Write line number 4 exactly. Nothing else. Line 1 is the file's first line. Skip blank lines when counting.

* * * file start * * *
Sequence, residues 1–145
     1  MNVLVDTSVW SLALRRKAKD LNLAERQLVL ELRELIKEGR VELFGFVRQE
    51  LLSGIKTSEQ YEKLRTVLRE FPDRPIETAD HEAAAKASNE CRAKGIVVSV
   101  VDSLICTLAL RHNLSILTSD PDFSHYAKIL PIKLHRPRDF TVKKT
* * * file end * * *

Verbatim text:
   101  VDSLICTLAL RHNLSILTSD PDFSHYAKIL PIKLHRPRDF TVKKT